- When everything is said and done (more is said than done), France has played extremely well with a weak hand. The economy is in poor shape, even though it expanded more than Germany in Q3. The government is terribly unpopular. Yet the ECB has talked the euro down and is expanding its balance sheet, like France has advocated. It has been given more time to reach EC budget targets, and even then it has taken unilateral action to delay it even further, with little cost in terms of yield or political pushback.
- The euro itself is about half a cent lower than where the North American session left it on Wednesday, which was a little above $1.2500. Without fresh impetus from North America today, where there are no US economic reports, the euro is likely to consolidate ahead of the weekend. Canada reports Q3 GDP. It is expected to be around 2.1%, down from 3.1% in Q2. The drop in oil prices weighs on sentiment for the Canadian dollar. The Bank of Canada meets next week, but is widely anticipated to be on hold.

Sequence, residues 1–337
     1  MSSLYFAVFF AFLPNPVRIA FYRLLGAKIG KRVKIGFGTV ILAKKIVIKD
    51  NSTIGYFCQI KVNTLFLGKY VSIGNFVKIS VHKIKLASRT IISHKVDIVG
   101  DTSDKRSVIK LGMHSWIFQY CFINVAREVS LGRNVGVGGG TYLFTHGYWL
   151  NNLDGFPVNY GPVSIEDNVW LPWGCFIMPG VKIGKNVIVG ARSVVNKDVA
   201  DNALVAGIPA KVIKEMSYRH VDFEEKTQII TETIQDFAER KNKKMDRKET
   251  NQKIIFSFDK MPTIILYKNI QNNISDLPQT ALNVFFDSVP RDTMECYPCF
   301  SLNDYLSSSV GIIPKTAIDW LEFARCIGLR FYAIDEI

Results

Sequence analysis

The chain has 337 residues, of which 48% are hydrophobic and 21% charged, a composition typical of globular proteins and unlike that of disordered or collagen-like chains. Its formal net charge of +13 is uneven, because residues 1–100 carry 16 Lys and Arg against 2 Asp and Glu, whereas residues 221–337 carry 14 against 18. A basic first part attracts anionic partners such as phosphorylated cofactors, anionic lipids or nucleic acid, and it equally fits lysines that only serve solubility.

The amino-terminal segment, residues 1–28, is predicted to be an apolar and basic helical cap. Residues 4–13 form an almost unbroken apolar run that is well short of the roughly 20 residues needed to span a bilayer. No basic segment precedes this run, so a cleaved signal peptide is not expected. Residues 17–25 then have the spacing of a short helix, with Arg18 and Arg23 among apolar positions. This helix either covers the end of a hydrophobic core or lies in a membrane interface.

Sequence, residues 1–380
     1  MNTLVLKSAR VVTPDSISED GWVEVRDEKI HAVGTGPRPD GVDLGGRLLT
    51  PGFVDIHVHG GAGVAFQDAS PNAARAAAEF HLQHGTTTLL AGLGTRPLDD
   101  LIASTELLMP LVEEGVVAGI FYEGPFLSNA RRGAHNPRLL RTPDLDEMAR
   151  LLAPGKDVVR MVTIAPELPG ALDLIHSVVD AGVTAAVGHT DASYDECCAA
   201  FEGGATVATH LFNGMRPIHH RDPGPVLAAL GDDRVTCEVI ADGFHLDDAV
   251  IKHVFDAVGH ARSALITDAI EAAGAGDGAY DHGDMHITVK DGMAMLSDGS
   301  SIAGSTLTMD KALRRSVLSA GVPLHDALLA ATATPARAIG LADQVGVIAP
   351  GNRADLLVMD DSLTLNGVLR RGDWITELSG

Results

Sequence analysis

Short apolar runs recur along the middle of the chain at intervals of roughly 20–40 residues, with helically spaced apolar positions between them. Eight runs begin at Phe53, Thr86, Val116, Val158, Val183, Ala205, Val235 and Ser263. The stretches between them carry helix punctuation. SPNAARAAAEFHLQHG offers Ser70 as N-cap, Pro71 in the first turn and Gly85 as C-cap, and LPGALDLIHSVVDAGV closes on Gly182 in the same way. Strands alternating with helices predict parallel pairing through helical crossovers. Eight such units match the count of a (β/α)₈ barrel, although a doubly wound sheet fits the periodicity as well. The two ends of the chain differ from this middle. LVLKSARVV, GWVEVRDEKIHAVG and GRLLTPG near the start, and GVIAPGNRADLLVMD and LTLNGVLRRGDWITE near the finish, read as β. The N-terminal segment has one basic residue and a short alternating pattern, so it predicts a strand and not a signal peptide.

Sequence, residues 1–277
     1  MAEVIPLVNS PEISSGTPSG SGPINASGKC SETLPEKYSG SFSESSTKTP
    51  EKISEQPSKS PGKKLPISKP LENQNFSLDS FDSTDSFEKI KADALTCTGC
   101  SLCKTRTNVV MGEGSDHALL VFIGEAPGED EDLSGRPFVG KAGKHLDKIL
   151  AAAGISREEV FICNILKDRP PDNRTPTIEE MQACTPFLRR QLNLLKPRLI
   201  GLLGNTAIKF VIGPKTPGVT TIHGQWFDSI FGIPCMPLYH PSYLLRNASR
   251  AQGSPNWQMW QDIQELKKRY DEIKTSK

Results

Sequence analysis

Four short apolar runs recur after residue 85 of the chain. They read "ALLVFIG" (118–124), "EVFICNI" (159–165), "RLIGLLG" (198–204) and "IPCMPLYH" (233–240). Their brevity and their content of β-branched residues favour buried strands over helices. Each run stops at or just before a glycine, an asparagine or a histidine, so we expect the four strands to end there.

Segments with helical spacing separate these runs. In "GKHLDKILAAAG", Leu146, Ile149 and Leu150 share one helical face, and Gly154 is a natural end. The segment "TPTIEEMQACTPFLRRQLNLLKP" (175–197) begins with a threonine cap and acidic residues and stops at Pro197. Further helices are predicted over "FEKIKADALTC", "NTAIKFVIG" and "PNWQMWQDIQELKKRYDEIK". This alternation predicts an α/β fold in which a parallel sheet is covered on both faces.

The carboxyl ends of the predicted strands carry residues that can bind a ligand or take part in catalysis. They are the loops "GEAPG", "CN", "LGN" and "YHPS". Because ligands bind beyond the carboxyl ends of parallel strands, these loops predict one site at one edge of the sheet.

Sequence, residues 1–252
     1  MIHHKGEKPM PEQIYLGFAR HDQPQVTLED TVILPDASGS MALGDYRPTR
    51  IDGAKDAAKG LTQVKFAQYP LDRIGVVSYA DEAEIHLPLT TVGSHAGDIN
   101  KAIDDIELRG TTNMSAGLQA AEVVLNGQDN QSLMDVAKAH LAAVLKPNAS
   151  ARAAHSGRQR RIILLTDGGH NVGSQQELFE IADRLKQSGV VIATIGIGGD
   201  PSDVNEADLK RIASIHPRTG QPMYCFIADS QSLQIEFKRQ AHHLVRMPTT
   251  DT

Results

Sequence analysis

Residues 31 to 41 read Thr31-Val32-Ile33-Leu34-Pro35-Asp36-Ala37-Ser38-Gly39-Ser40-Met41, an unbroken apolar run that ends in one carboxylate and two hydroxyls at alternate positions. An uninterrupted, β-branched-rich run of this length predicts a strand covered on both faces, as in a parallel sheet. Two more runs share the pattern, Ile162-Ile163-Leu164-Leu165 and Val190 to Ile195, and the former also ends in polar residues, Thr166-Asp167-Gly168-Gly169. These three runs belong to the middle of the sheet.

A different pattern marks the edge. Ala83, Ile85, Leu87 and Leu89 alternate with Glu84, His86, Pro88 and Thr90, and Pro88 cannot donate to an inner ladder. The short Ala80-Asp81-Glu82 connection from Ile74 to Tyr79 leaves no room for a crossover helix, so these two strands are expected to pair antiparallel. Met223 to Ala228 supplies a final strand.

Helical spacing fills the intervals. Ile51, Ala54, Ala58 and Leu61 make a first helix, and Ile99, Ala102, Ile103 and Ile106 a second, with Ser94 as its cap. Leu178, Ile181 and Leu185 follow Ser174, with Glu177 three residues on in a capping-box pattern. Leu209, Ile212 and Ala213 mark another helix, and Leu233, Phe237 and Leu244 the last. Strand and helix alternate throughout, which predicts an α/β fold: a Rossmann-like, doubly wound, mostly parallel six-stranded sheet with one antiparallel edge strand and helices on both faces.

- Brazil finally has a new Finance Minister. As expected, Joaquim Levy will replace Guido Mantega. At his appointment Thursday, Levy announced a primary surplus target of 1.2% of GDP in 2015, followed by 2% in both 2016 and 2017. This is hardly an aggressive tightening, but even then, the targets will be hard to meet given the absence of growth. Earlier today, Q3 GDP growth came in at -0.2% y/y, and expectations for full year growth are at 0.3%. For 2015 and 2016, consensus is at 1% and 2% growth, respectively. BRL has already given up its recent gains, with USD/BRL back to testing the week’s high near 2.5525.
- India reports Q3 GDP, expected to rise 5.0% y/y vs. 5.7% in Q2. Despite this possible hiccup, Modi has inherited an economy that for the most part was already in the process of bottoming. Growth should accelerate in Q4 and into 2015. Price pressures have fallen, but upside risks from recent fuel price hikes remain in play. As such, we see the RBI on hold but with a hawkish bias. We think the rupee should outperform within this weak EM environment.
- Colombia central bank meets and is expected to keep rates steady at 4.5%. With price pressures easing and the economic headwinds growing, we think the central bank will reverse its tightening cycle next year. Lower oil prices are a serious concern for Colombia, as oil is its top export product. The peso is likely to continue underperforming.